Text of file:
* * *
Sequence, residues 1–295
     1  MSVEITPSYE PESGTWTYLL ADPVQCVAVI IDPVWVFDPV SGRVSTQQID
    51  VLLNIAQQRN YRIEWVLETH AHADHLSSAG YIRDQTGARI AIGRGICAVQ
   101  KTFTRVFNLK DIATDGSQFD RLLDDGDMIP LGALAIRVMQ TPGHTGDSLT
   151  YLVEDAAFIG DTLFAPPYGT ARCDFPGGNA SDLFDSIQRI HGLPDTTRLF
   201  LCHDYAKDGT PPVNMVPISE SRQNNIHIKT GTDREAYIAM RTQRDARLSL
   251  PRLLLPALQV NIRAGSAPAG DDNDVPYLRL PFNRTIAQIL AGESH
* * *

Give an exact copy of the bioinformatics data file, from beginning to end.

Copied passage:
Sequence, residues 1–295
     1  MSVEITPSYE PESGTWTYLL ADPVQCVAVI IDPVWVFDPV SGRVSTQQID
    51  VLLNIAQQRN YRIEWVLETH AHADHLSSAG YIRDQTGARI AIGRGICAVQ
   101  KTFTRVFNLK DIATDGSQFD RLLDDGDMIP LGALAIRVMQ TPGHTGDSLT
   151  YLVEDAAFIG DTLFAPPYGT ARCDFPGGNA SDLFDSIQRI HGLPDTTRLF
   201  LCHDYAKDGT PPVNMVPISE SRQNNIHIKT GTDREAYIAM RTQRDARLSL
   251  PRLLLPALQV NIRAGSAPAG DDNDVPYLRL PFNRTIAQIL AGESH